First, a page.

The Tax Bureau conducted an upset sale on September 24, 1996 at which the property sold for an amount well in excess of the upset price *fn3 to Bud Frey (Frey), intervenor. Within thirty (30) days, the Tax Bureau sent Dr. Ban notice via certified/first-class U.S. Mail, which he acknowledged receiving, that the property had been sold and advised him that he could file objections and exceptions to the tax sale no later than thirty (30) days after the trial court's confirmation nisi of the Tax Bureau's consolidated return. Dr. Ban timely filed objections and exceptions to the sale. After a hearing, the trial court confirmed the sale, holding that the Tax Bureau had established by substantial evidence that notice was posted in a reasonable manner such as would likely inform the taxpayer of the intended sale. Dr. Ban appeals. *fn4

On appeal, Dr. Ban argues that the tax sale should be voided because the Tax Bureau did not meet its burden of proving that the property had been properly posted pursuant to the Tax Sale Law *fn5 because the notice was posted on the back door of the house where it could not reasonably be noticed. *fn6 We agree.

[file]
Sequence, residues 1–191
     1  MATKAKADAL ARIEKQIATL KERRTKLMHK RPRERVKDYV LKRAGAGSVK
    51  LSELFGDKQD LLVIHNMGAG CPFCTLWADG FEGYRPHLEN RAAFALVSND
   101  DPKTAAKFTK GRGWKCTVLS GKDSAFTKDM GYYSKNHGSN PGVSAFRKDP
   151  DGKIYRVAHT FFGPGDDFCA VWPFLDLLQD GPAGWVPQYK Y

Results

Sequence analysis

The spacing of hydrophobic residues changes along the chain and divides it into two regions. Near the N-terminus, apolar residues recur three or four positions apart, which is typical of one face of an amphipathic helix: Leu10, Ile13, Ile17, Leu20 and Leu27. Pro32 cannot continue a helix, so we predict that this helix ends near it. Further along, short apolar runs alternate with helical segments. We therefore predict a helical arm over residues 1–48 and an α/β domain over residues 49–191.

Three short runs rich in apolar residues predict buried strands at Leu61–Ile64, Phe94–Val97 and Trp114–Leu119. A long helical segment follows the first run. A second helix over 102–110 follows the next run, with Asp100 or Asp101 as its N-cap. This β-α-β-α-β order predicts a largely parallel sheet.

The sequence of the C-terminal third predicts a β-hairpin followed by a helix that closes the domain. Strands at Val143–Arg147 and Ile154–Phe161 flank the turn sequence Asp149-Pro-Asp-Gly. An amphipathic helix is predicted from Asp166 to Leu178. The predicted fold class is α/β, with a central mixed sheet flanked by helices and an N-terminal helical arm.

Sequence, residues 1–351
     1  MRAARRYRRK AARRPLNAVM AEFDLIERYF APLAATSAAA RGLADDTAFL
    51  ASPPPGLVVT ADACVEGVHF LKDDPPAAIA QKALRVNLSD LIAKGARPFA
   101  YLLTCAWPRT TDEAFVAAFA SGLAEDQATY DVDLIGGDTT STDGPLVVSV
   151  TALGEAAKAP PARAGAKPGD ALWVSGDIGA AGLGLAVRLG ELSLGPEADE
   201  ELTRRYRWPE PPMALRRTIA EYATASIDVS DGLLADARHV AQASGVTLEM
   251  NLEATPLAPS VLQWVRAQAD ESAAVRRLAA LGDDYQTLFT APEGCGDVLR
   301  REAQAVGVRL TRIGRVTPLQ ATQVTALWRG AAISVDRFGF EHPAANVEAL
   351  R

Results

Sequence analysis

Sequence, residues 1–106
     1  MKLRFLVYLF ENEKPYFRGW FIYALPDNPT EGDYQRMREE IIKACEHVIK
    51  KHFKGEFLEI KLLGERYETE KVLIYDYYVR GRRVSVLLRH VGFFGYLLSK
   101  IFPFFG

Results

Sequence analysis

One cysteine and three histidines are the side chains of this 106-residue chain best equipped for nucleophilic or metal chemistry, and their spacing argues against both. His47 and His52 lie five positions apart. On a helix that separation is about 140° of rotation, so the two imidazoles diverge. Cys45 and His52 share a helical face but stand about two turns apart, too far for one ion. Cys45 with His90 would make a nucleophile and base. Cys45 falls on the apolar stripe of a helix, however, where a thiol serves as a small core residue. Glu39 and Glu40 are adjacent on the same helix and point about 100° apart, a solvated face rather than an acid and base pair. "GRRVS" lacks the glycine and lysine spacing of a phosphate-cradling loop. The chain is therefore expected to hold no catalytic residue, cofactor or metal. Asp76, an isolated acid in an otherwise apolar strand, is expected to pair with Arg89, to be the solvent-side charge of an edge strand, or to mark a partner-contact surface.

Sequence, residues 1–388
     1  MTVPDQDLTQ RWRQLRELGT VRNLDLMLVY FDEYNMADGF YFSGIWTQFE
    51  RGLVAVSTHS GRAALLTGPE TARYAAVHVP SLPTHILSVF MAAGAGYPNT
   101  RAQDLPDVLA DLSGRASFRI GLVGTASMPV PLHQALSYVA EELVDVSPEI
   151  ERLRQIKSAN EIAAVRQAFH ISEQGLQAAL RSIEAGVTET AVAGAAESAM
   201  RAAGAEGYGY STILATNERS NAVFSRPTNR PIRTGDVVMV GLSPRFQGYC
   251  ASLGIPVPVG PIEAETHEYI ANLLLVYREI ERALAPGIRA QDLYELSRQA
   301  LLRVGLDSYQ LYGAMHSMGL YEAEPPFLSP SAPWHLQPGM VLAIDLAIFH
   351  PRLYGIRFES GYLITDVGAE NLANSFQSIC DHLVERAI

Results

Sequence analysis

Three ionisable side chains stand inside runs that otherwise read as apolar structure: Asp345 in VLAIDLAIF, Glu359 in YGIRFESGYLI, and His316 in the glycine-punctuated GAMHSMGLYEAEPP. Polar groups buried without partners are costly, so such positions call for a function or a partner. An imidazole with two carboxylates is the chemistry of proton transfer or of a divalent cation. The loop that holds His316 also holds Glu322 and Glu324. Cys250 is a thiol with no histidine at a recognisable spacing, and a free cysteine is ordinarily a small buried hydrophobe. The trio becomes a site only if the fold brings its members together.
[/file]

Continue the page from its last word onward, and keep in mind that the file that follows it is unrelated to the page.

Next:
In a tax sale case such as this, the burden of proving compliance with statutory notice provisions of the Tax Sale Law rests with the Tax Bureau. Rinier v. Tax Claim Bureau 146 Pa. Commw. 568, 606 A.2d 635 (Pa. Commw. 1992). Section 602 of the Tax Sale Law sets forth three methods of notice. *fn7 These notice requirements consist of publication at least thirty (30) days prior to sale, notification by certified/ first-class mail, and posting of the property at least ten (10) days prior to the sale, all of which are required for a valid tax sale. Matter of Tax Sales by the Tax Claim Bureau of Dauphin County, 651 A.2d 1157 (Pa. Commw.), reargument denied, appeal denied, 544 Pa. 650, 664 A.2d 978 (1994). It is well established that notice provisions are to be strictly construed, and that strict compliance with such provisions is necessary to guard against deprivation of property without due process, and if any one is defective, the sale is void. Rinier.